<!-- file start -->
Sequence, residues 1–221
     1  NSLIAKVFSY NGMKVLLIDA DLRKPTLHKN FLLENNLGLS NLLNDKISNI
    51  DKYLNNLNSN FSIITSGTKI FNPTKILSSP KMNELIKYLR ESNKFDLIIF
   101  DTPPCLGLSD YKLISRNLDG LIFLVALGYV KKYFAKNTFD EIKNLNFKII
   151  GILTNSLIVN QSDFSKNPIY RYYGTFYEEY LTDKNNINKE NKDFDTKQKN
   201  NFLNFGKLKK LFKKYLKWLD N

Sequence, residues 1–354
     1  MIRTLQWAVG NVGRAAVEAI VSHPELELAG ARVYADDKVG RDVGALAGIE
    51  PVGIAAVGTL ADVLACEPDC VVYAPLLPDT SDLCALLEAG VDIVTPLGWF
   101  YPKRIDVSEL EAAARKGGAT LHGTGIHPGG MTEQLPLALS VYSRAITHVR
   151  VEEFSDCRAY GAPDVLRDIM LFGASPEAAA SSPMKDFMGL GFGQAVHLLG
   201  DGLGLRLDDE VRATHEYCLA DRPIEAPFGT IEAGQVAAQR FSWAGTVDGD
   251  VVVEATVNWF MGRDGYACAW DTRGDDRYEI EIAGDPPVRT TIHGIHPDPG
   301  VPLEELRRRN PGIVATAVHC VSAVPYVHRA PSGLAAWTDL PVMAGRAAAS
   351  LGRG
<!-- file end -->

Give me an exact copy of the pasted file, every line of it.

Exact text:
Sequence, residues 1–221
     1  NSLIAKVFSY NGMKVLLIDA DLRKPTLHKN FLLENNLGLS NLLNDKISNI
    51  DKYLNNLNSN FSIITSGTKI FNPTKILSSP KMNELIKYLR ESNKFDLIIF
   101  DTPPCLGLSD YKLISRNLDG LIFLVALGYV KKYFAKNTFD EIKNLNFKII
   151  GILTNSLIVN QSDFSKNPIY RYYGTFYEEY LTDKNNINKE NKDFDTKQKN
   201  NFLNFGKLKK LFKKYLKWLD N

Sequence, residues 1–354
     1  MIRTLQWAVG NVGRAAVEAI VSHPELELAG ARVYADDKVG RDVGALAGIE
    51  PVGIAAVGTL ADVLACEPDC VVYAPLLPDT SDLCALLEAG VDIVTPLGWF
   101  YPKRIDVSEL EAAARKGGAT LHGTGIHPGG MTEQLPLALS VYSRAITHVR
   151  VEEFSDCRAY GAPDVLRDIM LFGASPEAAA SSPMKDFMGL GFGQAVHLLG
   201  DGLGLRLDDE VRATHEYCLA DRPIEAPFGT IEAGQVAAQR FSWAGTVDGD
   251  VVVEATVNWF MGRDGYACAW DTRGDDRYEI EIAGDPPVRT TIHGIHPDPG
   301  VPLEELRRRN PGIVATAVHC VSAVPYVHRA PSGLAAWTDL PVMAGRAAAS
   351  LGRG